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Fallout 4: The Real Railroad

December 9, 2015

Dear Reader,

I really like Fallout 4.  I think it’s the best of the FPS entries in the series, and probably the second best of the titles over all (I still like Fallout 2 the most).  I wrote a few days ago on why I liked the most recent game, but today I feel compelled to write about something I really didn’t like about the game: railroading.

Now, there’s an coincidental connection with Fallout 4 and “The Railroad,” but the term I’m using is unconnected with the similarly-titled faction.  “Railroading” is a pen-and-paper RPG term used to describe a dungeon master who forces his players into situations against their will, as if they’re passengers on a train out of their control rather than co-pilots to a group activity.  It is generally considered to be a negative term used in an accusatory fashion from player to DM.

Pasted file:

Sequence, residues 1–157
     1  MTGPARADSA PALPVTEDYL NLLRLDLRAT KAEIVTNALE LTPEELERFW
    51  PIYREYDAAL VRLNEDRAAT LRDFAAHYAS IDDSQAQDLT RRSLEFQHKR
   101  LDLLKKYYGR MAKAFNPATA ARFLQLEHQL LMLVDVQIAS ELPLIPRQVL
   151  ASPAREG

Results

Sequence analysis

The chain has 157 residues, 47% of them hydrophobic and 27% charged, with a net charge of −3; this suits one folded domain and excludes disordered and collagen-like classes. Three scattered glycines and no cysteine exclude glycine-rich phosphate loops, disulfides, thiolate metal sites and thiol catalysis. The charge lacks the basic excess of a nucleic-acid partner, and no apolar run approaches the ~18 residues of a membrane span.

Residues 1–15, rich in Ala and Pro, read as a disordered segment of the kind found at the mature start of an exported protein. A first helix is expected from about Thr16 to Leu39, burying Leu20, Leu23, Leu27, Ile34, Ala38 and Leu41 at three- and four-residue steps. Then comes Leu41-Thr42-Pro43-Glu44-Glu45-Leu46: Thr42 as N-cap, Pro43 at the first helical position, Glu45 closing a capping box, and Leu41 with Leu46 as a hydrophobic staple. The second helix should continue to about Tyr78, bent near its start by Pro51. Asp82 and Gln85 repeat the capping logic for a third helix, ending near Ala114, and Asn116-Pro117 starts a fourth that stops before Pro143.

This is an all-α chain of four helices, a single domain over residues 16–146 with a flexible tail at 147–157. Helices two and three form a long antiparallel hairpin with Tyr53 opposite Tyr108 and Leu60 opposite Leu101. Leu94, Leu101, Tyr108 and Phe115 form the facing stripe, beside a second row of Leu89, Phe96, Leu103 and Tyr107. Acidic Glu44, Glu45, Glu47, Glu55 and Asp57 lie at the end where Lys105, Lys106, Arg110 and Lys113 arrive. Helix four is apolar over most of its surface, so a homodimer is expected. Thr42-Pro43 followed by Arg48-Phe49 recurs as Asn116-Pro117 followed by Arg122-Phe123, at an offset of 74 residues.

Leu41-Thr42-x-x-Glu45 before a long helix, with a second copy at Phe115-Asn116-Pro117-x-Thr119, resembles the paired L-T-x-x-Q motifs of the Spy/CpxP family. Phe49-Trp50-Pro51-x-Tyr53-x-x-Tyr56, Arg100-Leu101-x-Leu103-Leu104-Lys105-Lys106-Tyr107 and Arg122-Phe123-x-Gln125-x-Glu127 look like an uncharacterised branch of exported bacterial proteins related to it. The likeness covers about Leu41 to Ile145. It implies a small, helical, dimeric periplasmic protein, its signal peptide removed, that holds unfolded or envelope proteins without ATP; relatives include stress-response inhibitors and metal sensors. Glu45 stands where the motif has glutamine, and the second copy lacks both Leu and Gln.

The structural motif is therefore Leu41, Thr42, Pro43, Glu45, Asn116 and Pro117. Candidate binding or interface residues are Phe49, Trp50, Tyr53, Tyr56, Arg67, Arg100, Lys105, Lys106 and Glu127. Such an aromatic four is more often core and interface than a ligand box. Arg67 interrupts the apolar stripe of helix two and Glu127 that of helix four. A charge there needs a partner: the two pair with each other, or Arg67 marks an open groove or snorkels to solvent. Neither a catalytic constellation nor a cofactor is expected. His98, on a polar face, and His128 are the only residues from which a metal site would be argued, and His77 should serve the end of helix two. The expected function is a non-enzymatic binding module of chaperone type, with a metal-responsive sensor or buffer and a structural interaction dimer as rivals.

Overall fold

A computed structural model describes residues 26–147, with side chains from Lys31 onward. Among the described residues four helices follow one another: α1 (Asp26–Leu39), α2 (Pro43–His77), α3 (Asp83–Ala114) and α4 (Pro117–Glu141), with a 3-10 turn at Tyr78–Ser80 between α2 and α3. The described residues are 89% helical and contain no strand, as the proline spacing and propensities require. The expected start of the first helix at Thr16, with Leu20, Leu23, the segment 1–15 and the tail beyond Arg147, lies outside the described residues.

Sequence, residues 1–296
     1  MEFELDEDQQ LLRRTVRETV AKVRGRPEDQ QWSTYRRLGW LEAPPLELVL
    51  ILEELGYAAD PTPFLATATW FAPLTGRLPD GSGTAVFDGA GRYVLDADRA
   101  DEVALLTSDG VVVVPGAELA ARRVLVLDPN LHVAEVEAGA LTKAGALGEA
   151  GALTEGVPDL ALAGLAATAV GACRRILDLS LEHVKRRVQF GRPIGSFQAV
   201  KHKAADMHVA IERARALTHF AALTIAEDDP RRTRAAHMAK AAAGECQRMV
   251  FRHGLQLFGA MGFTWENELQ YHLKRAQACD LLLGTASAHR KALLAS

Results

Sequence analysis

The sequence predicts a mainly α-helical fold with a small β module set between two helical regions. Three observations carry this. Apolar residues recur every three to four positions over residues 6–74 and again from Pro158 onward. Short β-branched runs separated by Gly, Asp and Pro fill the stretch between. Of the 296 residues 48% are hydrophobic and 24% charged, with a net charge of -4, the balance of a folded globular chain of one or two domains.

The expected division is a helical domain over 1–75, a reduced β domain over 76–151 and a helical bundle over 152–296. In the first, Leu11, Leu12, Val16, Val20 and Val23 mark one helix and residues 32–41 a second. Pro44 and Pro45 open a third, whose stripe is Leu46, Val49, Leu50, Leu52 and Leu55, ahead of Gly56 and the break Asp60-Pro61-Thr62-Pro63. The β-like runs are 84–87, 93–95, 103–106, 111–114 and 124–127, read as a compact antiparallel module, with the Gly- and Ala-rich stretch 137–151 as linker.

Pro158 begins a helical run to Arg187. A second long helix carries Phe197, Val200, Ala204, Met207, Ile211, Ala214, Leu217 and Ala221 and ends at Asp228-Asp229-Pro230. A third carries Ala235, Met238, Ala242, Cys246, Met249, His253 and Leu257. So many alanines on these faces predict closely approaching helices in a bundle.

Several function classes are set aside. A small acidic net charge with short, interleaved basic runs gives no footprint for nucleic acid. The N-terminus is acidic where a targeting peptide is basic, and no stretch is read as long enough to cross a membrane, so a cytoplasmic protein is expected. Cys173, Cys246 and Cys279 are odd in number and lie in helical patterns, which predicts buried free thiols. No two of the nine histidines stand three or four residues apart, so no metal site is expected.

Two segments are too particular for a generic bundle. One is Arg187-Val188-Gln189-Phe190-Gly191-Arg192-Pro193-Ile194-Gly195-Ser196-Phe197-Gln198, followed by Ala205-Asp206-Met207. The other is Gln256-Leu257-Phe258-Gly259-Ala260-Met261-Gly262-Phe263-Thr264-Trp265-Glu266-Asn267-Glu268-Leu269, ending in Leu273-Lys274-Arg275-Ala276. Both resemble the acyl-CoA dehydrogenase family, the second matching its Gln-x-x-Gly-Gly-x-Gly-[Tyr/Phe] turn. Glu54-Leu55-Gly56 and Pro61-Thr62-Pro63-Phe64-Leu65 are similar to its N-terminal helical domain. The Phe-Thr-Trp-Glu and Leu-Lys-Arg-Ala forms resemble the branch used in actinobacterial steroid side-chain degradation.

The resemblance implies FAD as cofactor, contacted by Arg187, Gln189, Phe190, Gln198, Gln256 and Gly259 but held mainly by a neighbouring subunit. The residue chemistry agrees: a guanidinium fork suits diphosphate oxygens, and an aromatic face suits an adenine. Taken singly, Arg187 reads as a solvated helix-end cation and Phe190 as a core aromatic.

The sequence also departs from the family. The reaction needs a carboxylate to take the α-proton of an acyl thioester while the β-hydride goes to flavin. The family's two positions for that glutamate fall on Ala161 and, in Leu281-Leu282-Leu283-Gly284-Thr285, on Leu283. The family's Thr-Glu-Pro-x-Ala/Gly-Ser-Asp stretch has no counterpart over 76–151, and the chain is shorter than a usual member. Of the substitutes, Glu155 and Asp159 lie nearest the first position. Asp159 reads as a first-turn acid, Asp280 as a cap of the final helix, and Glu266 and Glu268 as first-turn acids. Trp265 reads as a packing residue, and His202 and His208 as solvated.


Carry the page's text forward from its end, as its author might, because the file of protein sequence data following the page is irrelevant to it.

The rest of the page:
Every video game railroads its players by necessity.  It’s impossible to program a video game to allow for every possible action a player may want to take, let alone be able to take from within the game system.  That’s one area where tabletop RPGs shine; a good DM with good players can collaborate to create a story that’s far superior to anything any one person would imagine.  Railroading, as a result, is the antithesis to that sort of creative engineering, which is why it’s so often reviled.